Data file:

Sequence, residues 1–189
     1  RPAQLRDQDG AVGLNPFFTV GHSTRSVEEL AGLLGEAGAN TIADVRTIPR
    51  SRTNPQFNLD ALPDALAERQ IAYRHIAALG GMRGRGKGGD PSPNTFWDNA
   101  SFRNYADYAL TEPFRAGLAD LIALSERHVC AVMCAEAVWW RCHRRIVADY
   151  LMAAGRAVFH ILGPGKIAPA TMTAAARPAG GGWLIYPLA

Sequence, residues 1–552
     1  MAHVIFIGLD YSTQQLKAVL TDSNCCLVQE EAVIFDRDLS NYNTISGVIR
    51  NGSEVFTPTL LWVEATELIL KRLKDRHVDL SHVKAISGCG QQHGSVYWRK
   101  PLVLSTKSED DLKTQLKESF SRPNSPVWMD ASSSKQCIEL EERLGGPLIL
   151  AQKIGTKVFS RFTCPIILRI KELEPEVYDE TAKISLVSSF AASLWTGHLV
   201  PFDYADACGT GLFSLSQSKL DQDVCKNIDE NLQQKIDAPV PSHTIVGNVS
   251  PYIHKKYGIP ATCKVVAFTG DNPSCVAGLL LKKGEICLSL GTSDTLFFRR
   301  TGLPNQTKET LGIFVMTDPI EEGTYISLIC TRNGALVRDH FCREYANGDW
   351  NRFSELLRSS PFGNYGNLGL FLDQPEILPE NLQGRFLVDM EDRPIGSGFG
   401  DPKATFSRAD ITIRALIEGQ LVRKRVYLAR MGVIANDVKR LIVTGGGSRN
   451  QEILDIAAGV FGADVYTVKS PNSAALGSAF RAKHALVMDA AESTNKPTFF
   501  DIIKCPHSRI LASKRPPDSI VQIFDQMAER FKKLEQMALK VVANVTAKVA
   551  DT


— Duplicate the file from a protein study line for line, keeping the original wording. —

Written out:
Sequence, residues 1–189
     1  RPAQLRDQDG AVGLNPFFTV GHSTRSVEEL AGLLGEAGAN TIADVRTIPR
    51  SRTNPQFNLD ALPDALAERQ IAYRHIAALG GMRGRGKGGD PSPNTFWDNA
   101  SFRNYADYAL TEPFRAGLAD LIALSERHVC AVMCAEAVWW RCHRRIVADY
   151  LMAAGRAVFH ILGPGKIAPA TMTAAARPAG GGWLIYPLA

Sequence, residues 1–552
     1  MAHVIFIGLD YSTQQLKAVL TDSNCCLVQE EAVIFDRDLS NYNTISGVIR
    51  NGSEVFTPTL LWVEATELIL KRLKDRHVDL SHVKAISGCG QQHGSVYWRK
   101  PLVLSTKSED DLKTQLKESF SRPNSPVWMD ASSSKQCIEL EERLGGPLIL
   151  AQKIGTKVFS RFTCPIILRI KELEPEVYDE TAKISLVSSF AASLWTGHLV
   201  PFDYADACGT GLFSLSQSKL DQDVCKNIDE NLQQKIDAPV PSHTIVGNVS
   251  PYIHKKYGIP ATCKVVAFTG DNPSCVAGLL LKKGEICLSL GTSDTLFFRR
   301  TGLPNQTKET LGIFVMTDPI EEGTYISLIC TRNGALVRDH FCREYANGDW
   351  NRFSELLRSS PFGNYGNLGL FLDQPEILPE NLQGRFLVDM EDRPIGSGFG
   401  DPKATFSRAD ITIRALIEGQ LVRKRVYLAR MGVIANDVKR LIVTGGGSRN
   451  QEILDIAAGV FGADVYTVKS PNSAALGSAF RAKHALVMDA AESTNKPTFF
   501  DIIKCPHSRI LASKRPPDSI VQIFDQMAER FKKLEQMALK VVANVTAKVA
   551  DT